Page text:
By Meghan Hall
After over a decade, the Navy is finally preparing to transfer the first 500 acres of the Concord Weapons Naval Station to the city, and Concord officials have partnered with Five Point to come up with a Master Plan that will lay out a 30 year roadmap for the redevelopment of the weapons station, which will not only include 13,000 housing units, 6.1 million square feet of commercial, industrial and office space and 2.3 million square feet for a higher-education campus and institutional space, but also emerging Smart City technology.
“We’re at a crucial point right now,” said Guy Bjerke, the director of community reuse planning for the City of Concord. “From a clean-up and paperwork perspective, we’re right at the point where the Navy has checked most of the boxes to transfer some of the property.”
The entire naval base is nearly 5,000 acres; however, the city and greater concord community decided to split the property. Roughly 2,600 acres will be preserved as a conservation area to protect endangered species and serve as an Easy Bay recreational park with publicly accessible outdoor space, while the remaining 2,300 acre will accommodate the City’s vision for denser development.
“The idea early on was not to do traditional suburbia, but to do a transit-oriented development that made use of the North Concord BART Station, which right now is the least used BART station in the entire system,” said Bjerke. “That’s the macro-thinking of the project: higher-density, transit-oriented development around the BART station, and lower densities as you move south in the project, but with good pedestrian and bike connections. The entire project will be less reliant on the automobile.”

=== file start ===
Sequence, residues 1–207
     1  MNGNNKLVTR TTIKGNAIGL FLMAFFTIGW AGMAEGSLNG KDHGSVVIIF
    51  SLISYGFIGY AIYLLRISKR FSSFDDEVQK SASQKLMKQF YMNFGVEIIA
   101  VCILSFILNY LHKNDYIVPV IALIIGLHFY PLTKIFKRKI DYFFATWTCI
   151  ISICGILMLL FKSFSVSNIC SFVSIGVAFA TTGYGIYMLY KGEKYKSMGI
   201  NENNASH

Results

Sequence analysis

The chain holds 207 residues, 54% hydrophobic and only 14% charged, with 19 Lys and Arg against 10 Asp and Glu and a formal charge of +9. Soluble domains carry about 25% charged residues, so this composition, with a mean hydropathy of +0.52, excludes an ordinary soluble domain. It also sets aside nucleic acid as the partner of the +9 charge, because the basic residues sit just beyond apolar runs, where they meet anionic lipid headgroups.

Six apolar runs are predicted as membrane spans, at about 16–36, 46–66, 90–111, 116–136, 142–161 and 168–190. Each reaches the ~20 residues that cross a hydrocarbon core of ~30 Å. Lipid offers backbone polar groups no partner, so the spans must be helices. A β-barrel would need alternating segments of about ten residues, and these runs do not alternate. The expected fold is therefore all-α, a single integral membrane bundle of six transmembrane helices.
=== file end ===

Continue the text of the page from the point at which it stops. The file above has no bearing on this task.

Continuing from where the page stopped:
Bjerke added, however, that even though this project and several developments slated for downtown are geared toward-higher density activity, Concord’s long standing single family neighborhoods won’t be going anywhere any time soon.
“The traditional suburban neighborhoods are here because Concord was largely developed in the 1960s and 1970s,” said Bjerke. “They are not going anywhere.”
After a competitive RFP process, the City of Concord has selected Lennar Concord LLC to be the master developer, and Five Point Communities to lead the development and aid in developing a master plan for the site. Lennar and Five Point are also anticipated to develop the first 500 acres—known as Phase I—of the property. Bjerke said that Lennar and Five Point were chosen in part because they understood the need to create a vision for the entire 2,300 acre development prior to submitting plans for the initial phase of the project.
“They understood the need to master plan the infrastructure work to make sure we were dotting all of the Is and crossing all of the Ts, making sure the plan worked overall, beyond the first phase they are likely to be the developer for,” said Bjerke. The two subsequent phases have yet to be awarded to a developer.
Part of Lennar’s and Five Point’s plans are the use of Smart City technologies, and the development team has enlisted the input of global technology firm Bosch for the project. Smart City solutions are integrated into a town’s infrastructure to improve efficiency and connectivity, leveraging a network of computing devices known as the Internet of Things (IoT) to collect and analyze data.